After a few moments, John said, “I haven’t done much policing since 9/11.”

A surge zipped through my brain, piecing together the different bits of info that John had just told me.

Wait a minute, I thought to myself. “Were you a first responder?” There was shock and awe in the tone of my question.

“Yes.”

I was speechless.

John went on to tell more about the surgeries, including how they had to open him up multiple times, taking out part of his lungs and diaphragm. “This surgery was number 11 for me.”

John kept telling me more about his health issues as I just sat there somberly and in awe, while trying to pay attention to traffic. “They send a lot of us to National Jewish since it’s the best place in the country for lung surgery. I’m doing better than so many of my buddies who weren’t able to get better. “

I was able to put words together again and said, “Thanks for what you did.”

He was silent for a couple seconds. “I was just doing my job.”

Shock and awe once again silenced me for a bit.

The conversation naturally turned to what else I like to do, and how driving for Uber was. I told him about not really driving late at night and, because of this, how I’ve had pretty much positive experiences.

“I get a lot of couples in town for the pot. They go on tours and stuff. One time I took a guy to the airport after coming to town for that. He wanted to tip me, but said he was out of cash. ‘You want some pot?’ he asked me. I laughed and told him ‘Sure.’”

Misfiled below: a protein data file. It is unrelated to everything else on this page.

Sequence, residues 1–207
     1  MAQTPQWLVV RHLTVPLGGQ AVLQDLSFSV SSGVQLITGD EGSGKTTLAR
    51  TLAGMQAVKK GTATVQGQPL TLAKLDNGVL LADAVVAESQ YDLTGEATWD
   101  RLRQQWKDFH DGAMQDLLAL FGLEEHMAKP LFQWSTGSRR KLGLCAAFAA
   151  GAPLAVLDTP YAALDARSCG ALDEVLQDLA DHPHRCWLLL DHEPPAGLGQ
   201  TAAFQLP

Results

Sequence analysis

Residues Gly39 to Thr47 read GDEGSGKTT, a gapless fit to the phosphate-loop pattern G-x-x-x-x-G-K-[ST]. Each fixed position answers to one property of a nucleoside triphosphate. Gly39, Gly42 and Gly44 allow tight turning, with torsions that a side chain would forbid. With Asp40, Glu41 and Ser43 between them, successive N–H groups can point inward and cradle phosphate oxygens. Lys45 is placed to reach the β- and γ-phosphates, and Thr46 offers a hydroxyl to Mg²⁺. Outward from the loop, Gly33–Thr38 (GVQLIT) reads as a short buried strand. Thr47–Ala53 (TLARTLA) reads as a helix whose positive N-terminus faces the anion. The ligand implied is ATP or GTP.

John nodded and smiled. “A lot of cops usually say, ‘Once I retire, I’ll try some pot.’ That’s a normal thing for them.”

“Makes a lot of sense,” I responded. “I’m not a smoker at all, so I’m giving it to a friend who does. If I’m gonna try it, it’d have to be an edible.”

“Me, too. I can’t really smoke too well.” He pointed to his oxygen tube.

That made me smile.

Blocks passed, and the normal pause in a conversation between people who don’t really know each other occurred. I really felt like saying something else or reaching out to John, but I balked. I thought I found a sort of middle of the road approach that wasn’t prying too much and seemed like it would be appropriate for a guy hired to drive another guy around. “So, did you say that things were getting better for you after this surgery?”

“Yeah. They really are. I’m starting to breathe better, and I also just have to get better. I got married later in life, and now I got a five and a two year old who are waiting for me back home. “

Damn, I thought to myself. “That’s great to hear.” The poignancy of his story was hitting me hard.

I turned into the hotel lot and parked in front of the entrance.

“Do you have change for a ten? I wanna tip you…”

“Oh, man. You don’t have to tip me at all…” My mind was wanting to say, “You’re the hero who’s already done so much.” But my sense of boundaries stopped me.

“Okay. Well, here’s two bucks anyway. You can get yourself a nice beer or something.”

“Thanks,” I said as I took the two dollars from him. “Hey,” I struggled to say something genuine that wouldn’t be too gushy or overreaching. “I’m really glad to hear you’re doing better. That’s, uh…”

“Thanks,” he said. “It was great talking with ya. Good luck with the teaching.” He was already stepping out of the car and reaching back in for his oxygen tank. “Have a good day.”

I pulled out of the entrance and into a spot in the parking lot. I rated John with 5 stars on my app, turned it off, and then just sat for a few moments.